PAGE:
How to Market Your Business With Facebook
A growing number of businesses are making Facebook an indispensible part of hanging out their shingles. Small businesses are using it to find new customers, build online communities of fans and dig into gold mines of demographic information.
“You need to be where your customers are and your prospective customers are,” said Clara Shih, author of “The Facebook Era” (Pearson Education, 2009). “And with 300 million people on Facebook, and still growing, that’s increasingly where your audience is for a lot of products and services.”
For most businesses, Facebook Pages (distinct from individual profiles and Facebook groups) are the best place to start. Pages allow businesses to collect “fans” the way celebrities, sports teams, musicians and politicians do. There are now 1.4 million Facebook Pages and they collect more than 10 million fans every day, according to the site.
Businesses can easily create a Web presence with Facebook, even if they don’t have their own Web site (most companies still should maintain a Web site to reach people who don’t use Facebook or whose employers block access to the site). Businesses can claim a vanity address so that their Facebook address reflects the business name, like www.facebook.com/Starbucks. Facebook pages can link to the company’s Web site or direct sales to e-commerce sites like Ticketmaster or Amazon.
Facebook offers an array of tools and networks, and it’s easy to wander down too many paths. Ms. Shih recommends that newcomers start by asking themselves a simple question: What is your basic objective? Is it getting more customers in the door? Building brand awareness? Creating a venue for customer support? Once you have set your goal, you can strategize accordingly.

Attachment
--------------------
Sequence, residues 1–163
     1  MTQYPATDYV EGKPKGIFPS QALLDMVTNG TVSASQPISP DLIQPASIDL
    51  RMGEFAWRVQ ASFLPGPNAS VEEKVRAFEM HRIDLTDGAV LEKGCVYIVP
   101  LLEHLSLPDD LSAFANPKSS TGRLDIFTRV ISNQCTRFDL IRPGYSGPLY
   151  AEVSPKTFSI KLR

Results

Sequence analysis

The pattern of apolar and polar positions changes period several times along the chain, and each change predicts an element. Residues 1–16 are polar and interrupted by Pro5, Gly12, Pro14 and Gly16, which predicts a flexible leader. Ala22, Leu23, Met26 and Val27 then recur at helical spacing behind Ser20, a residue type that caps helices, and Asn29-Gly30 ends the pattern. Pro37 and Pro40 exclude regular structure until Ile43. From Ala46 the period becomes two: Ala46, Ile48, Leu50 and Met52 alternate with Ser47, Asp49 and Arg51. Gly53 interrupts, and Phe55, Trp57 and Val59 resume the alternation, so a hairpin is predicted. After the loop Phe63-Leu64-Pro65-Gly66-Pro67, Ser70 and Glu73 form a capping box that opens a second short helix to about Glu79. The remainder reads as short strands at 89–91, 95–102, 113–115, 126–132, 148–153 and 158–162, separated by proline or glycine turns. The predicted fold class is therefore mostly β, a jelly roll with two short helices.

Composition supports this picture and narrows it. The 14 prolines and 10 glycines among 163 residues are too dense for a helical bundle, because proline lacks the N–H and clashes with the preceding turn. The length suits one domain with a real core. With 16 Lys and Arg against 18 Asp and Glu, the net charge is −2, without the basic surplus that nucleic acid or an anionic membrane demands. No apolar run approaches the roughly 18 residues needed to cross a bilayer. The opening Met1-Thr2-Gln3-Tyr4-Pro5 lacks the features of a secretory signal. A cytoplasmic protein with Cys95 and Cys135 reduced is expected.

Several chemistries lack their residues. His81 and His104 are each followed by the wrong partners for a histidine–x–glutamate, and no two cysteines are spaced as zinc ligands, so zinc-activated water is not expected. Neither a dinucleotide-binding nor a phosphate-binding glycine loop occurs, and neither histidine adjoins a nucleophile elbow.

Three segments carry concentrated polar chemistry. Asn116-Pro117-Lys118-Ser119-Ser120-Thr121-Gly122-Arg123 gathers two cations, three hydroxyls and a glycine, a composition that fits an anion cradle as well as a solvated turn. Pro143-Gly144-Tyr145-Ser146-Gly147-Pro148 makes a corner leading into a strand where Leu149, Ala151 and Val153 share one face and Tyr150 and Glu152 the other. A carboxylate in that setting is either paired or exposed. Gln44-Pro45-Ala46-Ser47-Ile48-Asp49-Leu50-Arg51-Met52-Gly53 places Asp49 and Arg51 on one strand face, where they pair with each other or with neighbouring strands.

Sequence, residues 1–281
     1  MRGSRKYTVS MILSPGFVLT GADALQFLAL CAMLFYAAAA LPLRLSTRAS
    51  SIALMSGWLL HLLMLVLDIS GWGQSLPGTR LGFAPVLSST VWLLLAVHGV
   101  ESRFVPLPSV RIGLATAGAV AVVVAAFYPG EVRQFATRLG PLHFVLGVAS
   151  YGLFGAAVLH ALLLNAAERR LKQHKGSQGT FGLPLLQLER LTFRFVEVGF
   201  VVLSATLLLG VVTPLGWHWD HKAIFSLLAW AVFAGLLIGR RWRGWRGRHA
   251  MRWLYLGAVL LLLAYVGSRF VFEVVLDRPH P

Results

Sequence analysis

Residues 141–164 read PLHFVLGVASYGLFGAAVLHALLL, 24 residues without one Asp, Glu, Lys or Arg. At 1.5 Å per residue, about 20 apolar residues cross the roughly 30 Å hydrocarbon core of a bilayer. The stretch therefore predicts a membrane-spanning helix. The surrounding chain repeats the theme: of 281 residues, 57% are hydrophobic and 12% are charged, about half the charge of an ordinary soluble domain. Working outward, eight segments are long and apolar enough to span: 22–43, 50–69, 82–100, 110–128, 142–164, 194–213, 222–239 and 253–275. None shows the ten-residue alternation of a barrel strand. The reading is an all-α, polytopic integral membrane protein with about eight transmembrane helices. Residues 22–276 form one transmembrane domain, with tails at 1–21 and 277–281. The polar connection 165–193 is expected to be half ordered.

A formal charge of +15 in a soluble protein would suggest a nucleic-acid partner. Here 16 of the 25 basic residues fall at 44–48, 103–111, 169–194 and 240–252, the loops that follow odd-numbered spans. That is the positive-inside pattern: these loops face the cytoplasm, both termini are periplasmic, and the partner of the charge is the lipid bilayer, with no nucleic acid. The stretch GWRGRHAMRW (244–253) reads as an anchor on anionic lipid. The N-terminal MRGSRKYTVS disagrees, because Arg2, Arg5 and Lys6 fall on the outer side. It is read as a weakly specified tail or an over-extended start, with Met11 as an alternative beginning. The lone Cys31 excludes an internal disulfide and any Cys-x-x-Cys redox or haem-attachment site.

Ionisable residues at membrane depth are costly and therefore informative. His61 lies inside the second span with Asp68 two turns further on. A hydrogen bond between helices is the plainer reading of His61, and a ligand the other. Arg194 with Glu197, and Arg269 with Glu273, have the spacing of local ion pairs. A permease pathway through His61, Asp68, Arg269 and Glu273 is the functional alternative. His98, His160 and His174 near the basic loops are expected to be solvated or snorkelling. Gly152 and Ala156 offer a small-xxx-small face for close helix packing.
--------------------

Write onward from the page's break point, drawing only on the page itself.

“You can waste a lot of time on Facebook,” said Ms. Shih, founder of Hearsay Labs, a Facebook marketing software company. “But if you’re a business, you don’t have any time to waste. Figure out your objectives first, start small and do things that help you accomplish your objectives.”
Ms. Shih suggests that businesses ask friends and family to become fans of their pages so that they display a respectable crowd of supporters when they debut. Pages can grow organically by word of mouth — the average Facebook user has 130 friends on the site — or by advertising or promotion.
You can enliven your page with photos, comments and useful information. As you grow more comfortable, you can add videos or business applications. Flaunt your personality. The page of an ice cream parlor should feel different than that of a funeral parlor. “The pages that are most successful,” said Tim Kendall, the director of monetization at Facebook, “are the ones that really replicate the personality of the business.”
Join our facebook at www.facebook.com/ Click here>>>